New York, NY, August 06, 2013 --(PR.com
)-- American Media Distribution has released a new story about Kidum Kibido on the American Media Distribution Wire Service. Here are some excerpts from the interview. The following interview was conducted by Jim Lenskold on June 17, 2013.
Kidum Kibido is Crossing Borders and Bridging Borders with his Music
Shortly after Kidum Kibido achieved success with his first single “Yaramenje” and performed at the 2001 Burundi Peace Concert, he had a dream of inspiring peace through his songs. Today, Kidum is still driven by that dream and can easily be described as a peace ambassador playing music rather than a musician singing about peace.
An American Media Distribution interviewed this 39-year old Burundi-born musician while he was home in Kenya, where he has lived as a refugee since the age of 21. The topics discussed include his music, touring the world for live shows and his recent 2012 Kona Award for Best Male Artist. Kidum is passionate about his music and his ability to connect with his audience. As he records songs for his next album, his goal is to expand his audience in Africa and globally for one primary purpose – to communicate his message of peace.
Kidum was asked about his real name, Jean Pierre Nimbona but he goes by Kidum Kibido and how did that come about?
“You know when I was born, it happened that I was a very big baby. The nickname given to me by my mother was Kidum Kibido because I was fat and big. The actual meaning of the word Kidum is a jug of 20 liters.”
Kidum was asked how he got started. He Replied: “Let’s start when I left my country to come to Kenya because of the war. It was 1995. Instead of going to a refugee camp I decided to stay in Nairobi. I tried to survive when I was in Nairobi at that time because I joined a band and became the drummer and singer. After 4 years, I decided it is not good to be singing songs that belong to other people. Therefore, I decided to go to a small studio, in a container actually, in 1999 to do a song 'Yaramenje.' So that song went in Burundi and some parts of Rwanda. It became a very big song because the message which was in there. It was singing to people of Rwanda and Burundi at the same time.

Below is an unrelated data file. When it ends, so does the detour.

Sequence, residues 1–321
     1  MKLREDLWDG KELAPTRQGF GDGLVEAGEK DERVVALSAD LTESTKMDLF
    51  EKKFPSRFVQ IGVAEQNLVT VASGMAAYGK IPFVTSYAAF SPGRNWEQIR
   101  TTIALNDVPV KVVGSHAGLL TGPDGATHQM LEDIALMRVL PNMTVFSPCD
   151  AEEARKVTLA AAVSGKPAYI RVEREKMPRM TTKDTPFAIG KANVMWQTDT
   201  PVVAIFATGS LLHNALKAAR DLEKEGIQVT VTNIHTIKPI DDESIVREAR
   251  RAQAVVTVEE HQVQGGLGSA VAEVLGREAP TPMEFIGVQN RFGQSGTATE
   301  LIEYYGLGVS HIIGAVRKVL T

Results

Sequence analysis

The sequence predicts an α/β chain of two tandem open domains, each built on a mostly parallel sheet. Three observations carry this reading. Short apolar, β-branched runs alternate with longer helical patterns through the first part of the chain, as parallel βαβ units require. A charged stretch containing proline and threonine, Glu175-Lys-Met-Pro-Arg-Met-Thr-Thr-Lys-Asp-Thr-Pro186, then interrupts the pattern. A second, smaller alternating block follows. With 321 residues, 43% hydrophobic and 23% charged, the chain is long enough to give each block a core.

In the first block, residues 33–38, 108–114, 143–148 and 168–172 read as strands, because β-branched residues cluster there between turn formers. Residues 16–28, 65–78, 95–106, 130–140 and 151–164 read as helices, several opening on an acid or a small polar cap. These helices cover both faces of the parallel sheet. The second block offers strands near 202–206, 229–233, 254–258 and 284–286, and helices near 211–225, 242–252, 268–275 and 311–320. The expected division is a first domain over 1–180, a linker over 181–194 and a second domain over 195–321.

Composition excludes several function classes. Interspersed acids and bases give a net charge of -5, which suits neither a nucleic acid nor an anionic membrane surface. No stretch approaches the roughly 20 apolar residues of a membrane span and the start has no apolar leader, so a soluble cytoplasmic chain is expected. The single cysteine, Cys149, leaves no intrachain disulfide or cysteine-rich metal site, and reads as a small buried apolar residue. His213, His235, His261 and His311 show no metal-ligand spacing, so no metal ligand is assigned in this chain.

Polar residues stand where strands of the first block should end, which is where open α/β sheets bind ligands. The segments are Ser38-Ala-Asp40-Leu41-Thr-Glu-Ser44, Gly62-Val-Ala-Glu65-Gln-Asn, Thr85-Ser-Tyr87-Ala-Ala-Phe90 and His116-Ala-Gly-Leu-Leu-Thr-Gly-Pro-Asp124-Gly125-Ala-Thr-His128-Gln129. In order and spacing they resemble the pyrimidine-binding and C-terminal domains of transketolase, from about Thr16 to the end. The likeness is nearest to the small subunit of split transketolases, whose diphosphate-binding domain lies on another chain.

"Then I got this recognition from our president who decided to invite me three years later to go there and perform because the country was in a peace process. They were having these talks in Arusha, Tanzania and South Africa. So many people were so interested in bringing peace back in Burundi. In Rwanda things were a little bit different because there the war, it was one part [of the country] had conquered the other part. It was a military victory.
"In Burundi, war was still going. The government decided to start this political process to get a political solution to the crisis. So I became the instrument of bringing people together because each group in Burundi saw that I belong to them. They say if he belongs to all of us, then he can bring us together, so let us use him. I became the instrument of the people so this thing of cooperation can start again.
"I went to Burundi. I performed in Bujumbura. What follows after it was a cease-fire. The cease-fire was signed 2 years later. And there was this process of having a transition government and power sharing and so on.”